The country’s main health insurance service provider, Medical Aid Society of Malawi (Masm), has raised its membership premiums by 15 percent effective July 1 this year.
In a circular to its members issued on Tuesday, Masm chief executive officer Sydney Chikoti said following the recent annual general meeting (AGM), the board approved the upward premiums adjustment necessary for sustainability of the society.
Following the 15 percent hike, Masm members under Very Important Persons (VIP) Scheme contribution has gone up from K28 000 to K32 000 per month, Executive Scheme is up from K14 000 to K16 000 while Econo-plan Scheme is up from K4 000 to K4 600.
Those on Executive Old (EXO) Scheme will pay a monthly subscription of K30 000 from K26 000 whereas those on VIP Old (VIO) saw price go up from K37 500 to K43 000.
The health insurance provider last year also raised the premiums by 25 percent for Executive Scheme, 35 percent for VIP and 10 percent for Econo-plan.
The statement this week indicated that the increased premiums will ensure members continued enjoyment of accrued benefits at all levels of membership.
In an interview, Chikoti urged members to understand that hospitals have been raising their service charges since last year; hence, the upward adjustment by Masm to ensure it continues with the no shortfalls policy and sustained benefits to members.
He said: “As indicated in the communication, the society has to sustain itself and the members expect it to continue surviving year on year. Service providers have been increasing the tariffs that if you go to hospitals, what they were charging last year is not the same as what is being charged today.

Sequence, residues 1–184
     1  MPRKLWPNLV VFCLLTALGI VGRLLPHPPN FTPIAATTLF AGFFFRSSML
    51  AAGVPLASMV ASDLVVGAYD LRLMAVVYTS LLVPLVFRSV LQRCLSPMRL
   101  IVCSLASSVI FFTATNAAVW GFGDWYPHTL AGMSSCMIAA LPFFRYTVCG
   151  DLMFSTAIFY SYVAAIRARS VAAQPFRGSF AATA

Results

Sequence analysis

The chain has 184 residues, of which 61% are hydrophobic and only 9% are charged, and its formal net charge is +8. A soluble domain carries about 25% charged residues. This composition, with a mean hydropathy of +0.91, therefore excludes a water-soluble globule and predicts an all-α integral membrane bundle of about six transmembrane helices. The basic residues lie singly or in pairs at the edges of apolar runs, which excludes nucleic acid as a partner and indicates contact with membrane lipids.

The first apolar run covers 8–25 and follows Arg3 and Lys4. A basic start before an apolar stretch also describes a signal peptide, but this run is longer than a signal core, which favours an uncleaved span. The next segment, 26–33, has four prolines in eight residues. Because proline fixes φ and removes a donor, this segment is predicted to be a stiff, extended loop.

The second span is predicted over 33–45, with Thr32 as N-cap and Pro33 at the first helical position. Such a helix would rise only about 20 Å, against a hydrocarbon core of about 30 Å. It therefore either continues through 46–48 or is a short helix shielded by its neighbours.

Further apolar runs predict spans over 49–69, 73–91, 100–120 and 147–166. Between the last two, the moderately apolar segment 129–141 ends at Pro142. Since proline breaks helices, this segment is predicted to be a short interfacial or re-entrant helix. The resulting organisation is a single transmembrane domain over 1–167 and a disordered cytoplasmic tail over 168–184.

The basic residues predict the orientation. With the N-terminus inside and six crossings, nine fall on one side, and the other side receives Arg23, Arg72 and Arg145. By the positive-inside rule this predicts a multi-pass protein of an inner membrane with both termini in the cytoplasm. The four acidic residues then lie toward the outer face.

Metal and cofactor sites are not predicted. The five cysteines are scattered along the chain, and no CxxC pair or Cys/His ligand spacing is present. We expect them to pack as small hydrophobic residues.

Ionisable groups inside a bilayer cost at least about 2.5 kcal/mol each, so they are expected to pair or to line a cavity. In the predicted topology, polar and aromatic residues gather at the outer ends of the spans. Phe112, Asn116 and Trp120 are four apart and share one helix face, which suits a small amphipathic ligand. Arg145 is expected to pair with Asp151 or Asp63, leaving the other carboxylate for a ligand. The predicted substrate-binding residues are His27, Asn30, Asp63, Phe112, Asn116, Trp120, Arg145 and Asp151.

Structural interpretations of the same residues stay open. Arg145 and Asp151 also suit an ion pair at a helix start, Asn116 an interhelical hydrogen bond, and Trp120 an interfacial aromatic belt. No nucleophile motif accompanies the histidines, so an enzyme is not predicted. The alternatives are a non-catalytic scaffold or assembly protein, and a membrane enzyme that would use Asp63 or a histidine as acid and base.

“So, we need to preserve the society so that it continues serving its members going forward. We are assuring our members that once we effect this adjustment, we will not do any adjustment until July 2020.”
Reacting to the development, Consumers Association of Malawi (Cama) executive director John Kapito described the premiums upward adjustment as unfair and a portrayal of Masm’s monopoly on the medical insurance scene.
He said Masm management was taking advantage of its loyal members.
Said Kapito: “I have seen the memo that has been released and it’s shocking because the increases have been quite very often. In fact, the benefits are being reduced every time Masm increases the premiums. I find it very disturbing.”
He urged members to challenge the upward adjustments.
“Masm cannot be passing on its inefficiencies to members,” said Kapito.
However Chikoti dismissed Kapito’s remarks, saying he does not know what it takes to manage a medical insurance service with diverse members amid other economic factors.
“We are not a monopoly at all as Cama is saying. We have other health insurance service providers on the market. Why don’t they come to engage us so they can understand issues?” he said.
Chikoti said the premiums‘ adjustment also factored in the projection of inflation for the next six to 12 months.
Despite the regular raising of premiums, last year Masm reported a K1 billion loss, which was blamed on members’ fraud committed by registering bloated claims or use of Masm membership subscription cards by non-members.
However, Tuesday’s statement indicates that the board noted some performance improvement of the society and the increase in premiums will bolster the performance leading to sustainability of the society.
As of last year Masm had a membership of about 130 000.